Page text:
Cooperative control of metro trains to minimize net energy consumption
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Colleges, School and Institutes
With the increasing concerns on energy consumption and operating cost in metro systems, energy saving on train operation attracts significant attentions. Previous studies have mainly focused on optimal control of a single train and energy-efficient train timetabling. The former does not consider the synchronization of motoring and braking trains, which cannot ensure the proper utilization of regenerative energy on the metro lines without energy storage systems. The latter includes scheduling train operations to synchronize motoring and braking trains for the better utilization of regenerative energy. However, the overlapping time of motoring and braking trains is usually as short as a few seconds and the energy reduction might be made impossible by train delays, which are common in practice. This paper presents a model framework, on the extents of motoring/braking of train acceleration and station stopping, as well as the locations of switching train operation modes, for real-time cooperative control of multiple metro trains. The objective is to minimize the net energy consumption with the consideration of utilizing regenerative energy. A cooperative co-evolutionary algorithm is developed to attain the solution of the proposed model. Case studies on a real-life metro line demonstrate the energy saving performance of the proposed approach compared with separate train control and timetable optimization, from no disturbance to a good range of delays. The results also indicate that the partial motoring in train acceleration and partial braking in station stopping achieve better net energy reduction, in comparison with full motoring/braking preferred in previous studies.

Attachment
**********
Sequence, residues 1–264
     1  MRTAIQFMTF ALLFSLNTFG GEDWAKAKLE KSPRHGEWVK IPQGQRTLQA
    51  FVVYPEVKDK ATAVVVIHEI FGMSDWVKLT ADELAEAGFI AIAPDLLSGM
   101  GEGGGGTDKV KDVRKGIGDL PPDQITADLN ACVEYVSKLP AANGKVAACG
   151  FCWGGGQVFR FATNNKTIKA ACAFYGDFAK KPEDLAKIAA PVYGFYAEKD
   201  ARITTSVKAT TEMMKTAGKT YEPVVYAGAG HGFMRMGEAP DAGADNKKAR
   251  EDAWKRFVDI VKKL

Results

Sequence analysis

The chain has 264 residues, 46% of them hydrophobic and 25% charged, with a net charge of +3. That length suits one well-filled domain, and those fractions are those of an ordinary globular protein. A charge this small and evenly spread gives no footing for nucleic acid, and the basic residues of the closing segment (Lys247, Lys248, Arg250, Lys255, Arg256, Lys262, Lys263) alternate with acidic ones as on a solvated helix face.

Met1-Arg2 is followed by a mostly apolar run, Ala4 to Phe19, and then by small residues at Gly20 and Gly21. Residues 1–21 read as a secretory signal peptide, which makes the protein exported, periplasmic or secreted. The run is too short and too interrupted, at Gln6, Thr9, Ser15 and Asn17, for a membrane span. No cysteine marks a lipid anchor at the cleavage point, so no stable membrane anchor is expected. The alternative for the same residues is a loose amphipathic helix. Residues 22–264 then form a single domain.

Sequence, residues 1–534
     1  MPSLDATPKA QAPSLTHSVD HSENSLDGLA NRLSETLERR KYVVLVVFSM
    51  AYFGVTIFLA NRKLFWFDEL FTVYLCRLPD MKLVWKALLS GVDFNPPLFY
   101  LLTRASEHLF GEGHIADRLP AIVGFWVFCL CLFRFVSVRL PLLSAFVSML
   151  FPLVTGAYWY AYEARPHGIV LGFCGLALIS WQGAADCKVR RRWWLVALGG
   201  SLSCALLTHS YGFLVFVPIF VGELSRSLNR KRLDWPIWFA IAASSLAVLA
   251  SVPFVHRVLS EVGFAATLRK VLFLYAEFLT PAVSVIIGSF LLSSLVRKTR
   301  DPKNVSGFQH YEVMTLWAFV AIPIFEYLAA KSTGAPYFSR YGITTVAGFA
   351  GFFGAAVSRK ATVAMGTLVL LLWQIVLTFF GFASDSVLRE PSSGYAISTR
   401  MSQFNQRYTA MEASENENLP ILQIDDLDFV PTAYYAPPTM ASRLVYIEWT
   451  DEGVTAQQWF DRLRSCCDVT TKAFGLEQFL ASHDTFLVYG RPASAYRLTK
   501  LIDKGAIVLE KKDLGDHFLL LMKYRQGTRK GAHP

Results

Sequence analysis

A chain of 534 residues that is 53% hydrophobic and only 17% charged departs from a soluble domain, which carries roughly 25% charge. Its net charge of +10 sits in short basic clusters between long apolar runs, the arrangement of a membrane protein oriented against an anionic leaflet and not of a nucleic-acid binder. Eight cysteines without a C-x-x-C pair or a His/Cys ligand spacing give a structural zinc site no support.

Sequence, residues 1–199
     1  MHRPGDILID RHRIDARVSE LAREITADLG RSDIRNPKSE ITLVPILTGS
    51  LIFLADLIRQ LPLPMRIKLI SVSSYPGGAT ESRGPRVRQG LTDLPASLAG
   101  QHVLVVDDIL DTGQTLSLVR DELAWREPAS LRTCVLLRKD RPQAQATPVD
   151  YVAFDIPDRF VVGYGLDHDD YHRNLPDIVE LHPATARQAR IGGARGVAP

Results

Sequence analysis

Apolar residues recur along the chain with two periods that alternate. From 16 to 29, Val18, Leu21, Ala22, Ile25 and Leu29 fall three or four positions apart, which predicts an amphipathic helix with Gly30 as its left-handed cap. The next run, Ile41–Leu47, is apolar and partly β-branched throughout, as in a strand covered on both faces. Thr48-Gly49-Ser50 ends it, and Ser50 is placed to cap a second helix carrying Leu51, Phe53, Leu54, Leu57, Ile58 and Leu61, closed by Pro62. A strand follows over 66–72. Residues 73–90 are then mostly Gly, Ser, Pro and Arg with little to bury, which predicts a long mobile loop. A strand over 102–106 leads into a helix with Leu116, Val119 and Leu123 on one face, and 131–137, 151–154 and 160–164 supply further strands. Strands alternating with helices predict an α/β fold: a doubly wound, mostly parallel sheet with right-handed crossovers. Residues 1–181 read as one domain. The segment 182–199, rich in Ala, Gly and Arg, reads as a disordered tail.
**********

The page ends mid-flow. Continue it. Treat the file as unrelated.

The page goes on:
|Number of pages||15|
|Journal||IEEE Transactions on Intelligent Transportation Systems|
|Publication status||Published - 26 Apr 2019|
- Metro Train, Cooperative control, Energy savings, Regenerative brakinig, Co-evolutionary algorithms